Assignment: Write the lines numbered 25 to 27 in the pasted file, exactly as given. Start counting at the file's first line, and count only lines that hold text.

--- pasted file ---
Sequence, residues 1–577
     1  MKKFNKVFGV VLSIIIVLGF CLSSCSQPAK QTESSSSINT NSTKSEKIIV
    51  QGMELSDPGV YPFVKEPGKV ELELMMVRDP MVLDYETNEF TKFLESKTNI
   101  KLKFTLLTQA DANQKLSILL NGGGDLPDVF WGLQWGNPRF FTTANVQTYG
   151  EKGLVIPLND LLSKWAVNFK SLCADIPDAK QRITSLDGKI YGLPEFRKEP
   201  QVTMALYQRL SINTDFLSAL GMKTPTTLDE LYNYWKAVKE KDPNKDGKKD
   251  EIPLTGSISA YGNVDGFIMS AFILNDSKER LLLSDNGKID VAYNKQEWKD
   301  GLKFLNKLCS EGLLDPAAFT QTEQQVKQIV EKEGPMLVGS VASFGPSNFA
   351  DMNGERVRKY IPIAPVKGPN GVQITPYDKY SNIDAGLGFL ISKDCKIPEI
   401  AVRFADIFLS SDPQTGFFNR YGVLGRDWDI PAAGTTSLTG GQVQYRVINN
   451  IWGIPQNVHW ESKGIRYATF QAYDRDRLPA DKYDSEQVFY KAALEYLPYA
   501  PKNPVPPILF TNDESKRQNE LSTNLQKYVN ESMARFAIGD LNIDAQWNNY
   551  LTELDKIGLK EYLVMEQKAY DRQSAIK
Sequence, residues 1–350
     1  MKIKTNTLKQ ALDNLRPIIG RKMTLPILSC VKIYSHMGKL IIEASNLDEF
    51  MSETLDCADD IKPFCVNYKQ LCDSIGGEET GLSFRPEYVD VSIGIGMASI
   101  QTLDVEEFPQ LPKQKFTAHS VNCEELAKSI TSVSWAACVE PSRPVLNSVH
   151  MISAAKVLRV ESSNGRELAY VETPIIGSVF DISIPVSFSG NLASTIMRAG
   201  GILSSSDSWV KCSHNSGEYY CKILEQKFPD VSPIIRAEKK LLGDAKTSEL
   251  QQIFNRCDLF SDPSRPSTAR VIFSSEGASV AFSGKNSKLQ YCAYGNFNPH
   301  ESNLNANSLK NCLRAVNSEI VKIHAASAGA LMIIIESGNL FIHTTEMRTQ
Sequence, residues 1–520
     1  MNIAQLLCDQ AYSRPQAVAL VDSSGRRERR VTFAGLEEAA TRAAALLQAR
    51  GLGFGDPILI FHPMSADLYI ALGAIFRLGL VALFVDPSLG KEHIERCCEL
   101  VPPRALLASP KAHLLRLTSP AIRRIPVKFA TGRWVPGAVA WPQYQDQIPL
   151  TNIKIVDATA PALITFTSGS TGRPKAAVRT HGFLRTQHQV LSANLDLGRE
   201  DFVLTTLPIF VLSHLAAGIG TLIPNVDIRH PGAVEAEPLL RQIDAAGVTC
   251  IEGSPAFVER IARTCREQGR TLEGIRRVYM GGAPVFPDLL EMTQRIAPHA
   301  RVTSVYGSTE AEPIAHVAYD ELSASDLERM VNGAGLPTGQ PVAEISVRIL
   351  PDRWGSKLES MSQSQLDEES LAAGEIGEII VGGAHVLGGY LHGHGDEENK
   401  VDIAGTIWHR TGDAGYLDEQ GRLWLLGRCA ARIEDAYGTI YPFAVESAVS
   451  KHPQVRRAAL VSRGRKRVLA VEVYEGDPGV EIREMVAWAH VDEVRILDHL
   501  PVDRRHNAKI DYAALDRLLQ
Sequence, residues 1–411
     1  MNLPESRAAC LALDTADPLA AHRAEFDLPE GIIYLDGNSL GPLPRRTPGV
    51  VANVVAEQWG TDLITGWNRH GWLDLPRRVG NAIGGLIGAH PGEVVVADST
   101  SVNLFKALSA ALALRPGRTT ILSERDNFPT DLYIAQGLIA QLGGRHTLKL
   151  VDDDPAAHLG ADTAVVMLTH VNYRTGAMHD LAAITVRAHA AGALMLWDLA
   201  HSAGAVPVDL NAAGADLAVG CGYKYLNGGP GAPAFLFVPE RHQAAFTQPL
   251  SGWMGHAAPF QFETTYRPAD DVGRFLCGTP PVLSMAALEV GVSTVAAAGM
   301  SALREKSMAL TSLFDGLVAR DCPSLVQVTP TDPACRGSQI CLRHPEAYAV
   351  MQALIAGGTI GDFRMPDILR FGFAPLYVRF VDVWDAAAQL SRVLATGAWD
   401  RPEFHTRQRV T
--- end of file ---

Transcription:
   101  VPPRALLASP KAHLLRLTSP AIRRIPVKFA TGRWVPGAVA WPQYQDQIPL
   151  TNIKIVDATA PALITFTSGS TGRPKAAVRT HGFLRTQHQV LSANLDLGRE
   201  DFVLTTLPIF VLSHLAAGIG TLIPNVDIRH PGAVEAEPLL RQIDAAGVTC